The Boys’ Life of Mark Twain
by Paine

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Public Domain Books

LIV. Return After Exile

News came to Vienna of the death of Orion Clemens, at the age of seventy- two. Orion had died as he had lived–a gentle dreamer, always with a new plan. He had not been sick at all. One morning early he had seated himself at a table, with pencil and paper, and was putting down the details of his latest project, when death came–kindly, in the moment of new hope. He was a generous, upright man, beloved by all who understood him.

The Clemenses remained two winters in Vienna, spending the second at the Hotel Krantz, where their rooms were larger and finer than at the Metropole, and even more crowded with notabilities. Their salon acquired the name of the “Second Embassy,” and Mark Twain was, in fact, the most representative American in the Austrian capital. It became the fashion to consult him on every question of public interest, his comments, whether serious or otherwise, being always worth printing. When European disarmament was proposed, Editor William T. Stead, of the “Review of Reviews,” wrote for his opinion. He replied:

“DEAR Mr. STEAD,–The Tsar is ready to disarm. I am ready to disarm. Collect the others; it should not be much of a task now.   MARK TWAIN.”

He refused offers of many sorts. He declined ten thousand dollars for a tobacco endorsement, though he liked the tobacco well enough. He declined ten thousand dollars a year for five years to lend his name as editor of a humorous periodical. He declined another ten thousand for ten lectures, and another offer for fifty lectures at the same rates– that is, one thousand dollars per night. He could get along without these sums, he said, and still preserve some remnants of his self- respect.

It was May, 1899, when Clemens and his family left Vienna. They spent a summer in Sweden on account of the health of Jean Clemens, and located in London apartments–30 Wellington Court–for the winter. Then followed a summer at beautiful Dollis Hill, an old house where Gladstone had often visited, on a shady hilltop just outside of London. The city had not quite enclosed the place then, and there were spreading oaks, a pond with lily-pads, and wide spaces of grassy lawn. The place to-day is converted into a public garden called Gladstone Park. Writing to Twichell in mid- summer, Clemens said:

“I am the only person who is ever in the house in the daytime, but I am working, and deep in the luxury of it. But there is one tremendous defect. Levy is all so enchanted with the place and so in love with it that she doesn’t know how she is going to tear herself away from it.”

However, there was one still greater attraction than Dollis Hill, and that was America–home. Mark Twain at sixty-five and a free man once more had decided to return to his native land. They closed Dollis Hill at the end of September, and October 6, 1900, sailed on the Minnehaha for New York, bidding good-by, as Mark Twain believed, and hoped, to foreign travel. Nine days later, to a reporter who greeted him on the ship, he said:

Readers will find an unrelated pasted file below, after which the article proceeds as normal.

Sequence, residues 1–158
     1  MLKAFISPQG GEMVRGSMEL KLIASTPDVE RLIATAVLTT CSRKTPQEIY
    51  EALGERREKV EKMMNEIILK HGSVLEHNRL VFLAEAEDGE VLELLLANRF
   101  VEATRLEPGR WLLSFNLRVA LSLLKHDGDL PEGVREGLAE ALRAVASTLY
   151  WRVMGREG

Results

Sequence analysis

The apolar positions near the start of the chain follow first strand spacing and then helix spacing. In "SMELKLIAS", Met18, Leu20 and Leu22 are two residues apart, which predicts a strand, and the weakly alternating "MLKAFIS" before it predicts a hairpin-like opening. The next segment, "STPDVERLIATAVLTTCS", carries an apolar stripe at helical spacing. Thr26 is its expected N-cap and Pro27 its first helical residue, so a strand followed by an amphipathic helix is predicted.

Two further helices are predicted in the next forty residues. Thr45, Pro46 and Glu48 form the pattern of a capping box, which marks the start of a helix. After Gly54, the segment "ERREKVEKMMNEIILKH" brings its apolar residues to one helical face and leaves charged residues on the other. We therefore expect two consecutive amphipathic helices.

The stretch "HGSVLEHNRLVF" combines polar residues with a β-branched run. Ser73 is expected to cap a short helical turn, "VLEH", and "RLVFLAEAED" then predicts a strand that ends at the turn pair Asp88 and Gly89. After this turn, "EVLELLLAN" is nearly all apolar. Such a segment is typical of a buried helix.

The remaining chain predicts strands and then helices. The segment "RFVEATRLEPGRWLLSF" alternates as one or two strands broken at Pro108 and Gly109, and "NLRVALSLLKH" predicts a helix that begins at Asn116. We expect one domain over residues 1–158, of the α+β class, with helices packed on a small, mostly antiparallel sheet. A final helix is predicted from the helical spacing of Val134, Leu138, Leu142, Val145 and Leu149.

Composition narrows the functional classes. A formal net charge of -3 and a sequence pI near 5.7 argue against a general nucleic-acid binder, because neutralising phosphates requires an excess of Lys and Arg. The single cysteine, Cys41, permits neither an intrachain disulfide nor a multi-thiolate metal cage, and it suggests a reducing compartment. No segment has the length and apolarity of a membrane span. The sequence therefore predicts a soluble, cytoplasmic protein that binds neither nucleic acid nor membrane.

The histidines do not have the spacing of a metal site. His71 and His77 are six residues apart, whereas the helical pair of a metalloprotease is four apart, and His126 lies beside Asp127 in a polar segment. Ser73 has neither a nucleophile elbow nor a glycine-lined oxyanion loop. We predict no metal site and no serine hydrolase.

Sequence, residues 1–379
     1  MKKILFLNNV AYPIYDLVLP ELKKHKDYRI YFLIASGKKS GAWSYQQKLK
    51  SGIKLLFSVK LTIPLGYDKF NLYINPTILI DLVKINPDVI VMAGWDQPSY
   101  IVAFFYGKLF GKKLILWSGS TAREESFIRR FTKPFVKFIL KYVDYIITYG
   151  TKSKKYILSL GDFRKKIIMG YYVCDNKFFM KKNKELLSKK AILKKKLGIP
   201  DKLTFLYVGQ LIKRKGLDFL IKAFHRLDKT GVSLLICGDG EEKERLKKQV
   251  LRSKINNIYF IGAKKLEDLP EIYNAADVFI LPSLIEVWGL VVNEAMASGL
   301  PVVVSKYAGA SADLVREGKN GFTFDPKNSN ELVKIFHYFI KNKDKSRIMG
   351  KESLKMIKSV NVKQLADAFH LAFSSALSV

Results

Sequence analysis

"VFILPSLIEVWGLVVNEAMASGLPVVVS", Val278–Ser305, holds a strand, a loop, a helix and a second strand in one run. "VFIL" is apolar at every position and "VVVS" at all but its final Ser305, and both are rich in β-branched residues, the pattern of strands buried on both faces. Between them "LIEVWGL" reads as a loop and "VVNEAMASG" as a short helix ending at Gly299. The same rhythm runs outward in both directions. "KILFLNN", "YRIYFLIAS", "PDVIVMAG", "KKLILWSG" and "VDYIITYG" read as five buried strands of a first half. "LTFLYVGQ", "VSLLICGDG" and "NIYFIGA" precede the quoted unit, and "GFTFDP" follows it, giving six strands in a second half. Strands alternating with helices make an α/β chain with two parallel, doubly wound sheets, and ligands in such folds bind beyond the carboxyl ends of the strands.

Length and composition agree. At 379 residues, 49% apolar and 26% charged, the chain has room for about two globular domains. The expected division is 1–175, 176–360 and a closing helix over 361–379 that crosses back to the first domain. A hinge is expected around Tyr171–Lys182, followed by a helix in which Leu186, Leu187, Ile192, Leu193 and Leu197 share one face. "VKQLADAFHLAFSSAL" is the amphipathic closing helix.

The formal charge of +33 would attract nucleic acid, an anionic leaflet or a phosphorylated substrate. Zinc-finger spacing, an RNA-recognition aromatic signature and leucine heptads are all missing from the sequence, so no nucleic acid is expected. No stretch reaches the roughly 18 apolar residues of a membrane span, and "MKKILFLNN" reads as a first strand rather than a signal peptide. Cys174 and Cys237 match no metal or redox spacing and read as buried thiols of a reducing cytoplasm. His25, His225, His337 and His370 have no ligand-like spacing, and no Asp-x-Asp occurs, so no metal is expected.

“If I ever get ashore I am going to break both of my legs so I can’t get away again.”


Preface  •  I. The Family of John Clemens  •  II. The New Home, and Uncle John Quarles’s Farm  •  IV. Education Out of School  •  V. Tom Sawyer and His Band  •  VI. Closing School-Days  •  VII. The Apprentice  •  VIII. Orion’s Paper  •  IX. The Open Road  •  X. A Wind of Chance  •  XI. The Long Way to the Amazon  •  XII. Renewing an Old Ambition  •  XIII. Learning the River  •  XIV. River Days  •  XV. The Wreck of the “Pennsylvania”  •  XVI. The Pilot  •  XVII. The End of Piloting  •  XVIII. The Soldier  •  XIX. The Pioneer  •  XX. The Miner  •  XXI. The Territorial Enterprise  •  XXII. “Mark Twain”  •  XXIII. Artemus Ward and Literary San Francisco  •  XXIV. The Discovery of “The Jumping Frog”  •  XXV. Hawaii and Anson Burlingame  •  XXVI. Mark Twain, Lecturer  •  XXVII. An Innocent Abroad, and Home Again  •  XXVIII. Olivia Langdon. Work on the “Innocents”  •  XXIX. The Visit to Elmira and Its Consequences  •  XXX. The New Book and a Wedding  •  XXXI. Mark Twain in Buffalo  •  XXXII. At Work on “Roughing It”  •  XXXIII. In England  •  XXXIV. A New Book and New English Triumphs  •  XXXV. Beginning “Tom Sawyer”  •  XXXVI. The New Home  •  XXXVII. “Old Times,” “Sketches,” And “Tom Sawyer”  •  XXXVIII. Home Pictures  •  XXXIX. Tramping Abroad  •  XL. “The Prince and the Pauper”  •  XLI. General Grant at Hartford  •  XLII. Many Investments  •  XLIII. Back to the River, With Bixby  •  XLIV. A Reading-Tour With Cable  •  XLV. “The Adventures of Huckleberry Finn”  •  XLVI. Publisher to General Grant  •  XLVII. The High-Tide of Fortune  •  XLVIII. Business Difficulties. Pleasanter Things  •  XLIX. Kipling at Elmira. Elsie Leslie. The “Yankee”  •  L. The Machine. Good-By to Hartford. “Joan” Is Begun  •  LI. The Failure of Webster & Co. Around the World. Sorrow  •  LII. European Economies  •  LIII. Mark Twain Pays His Debts  •  LIV. Return After Exile  •  LV. A Prophet At Home  •  LVI. Honored by Missouri  •  LVII. The Close of a Beautiful Life  •  LVIII. Mark Twain at Seventy  •  LIX. Mark Twain Arranges for His Biography  •  LX. Working With Mark Twain  •  LXI. Dictations at Dublin, N. H.  •  LXII. A New Era of Billiards  •  LXIII. Living With Mark Twain  •  LXIV. A Degree From Oxford  •  LXV. The Removal to Redding  •  LXVI. Life at Stormfield  •  LXVII. The Death of Jean  •  LXVIII. Days in Bermuda  •  LXIX. The Return to Redding  •  LXX. The Close of a Great Life

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The boys' life of Mark Twain: The story of a man who made the world laugh and love him
By Albert Bigelow Paine
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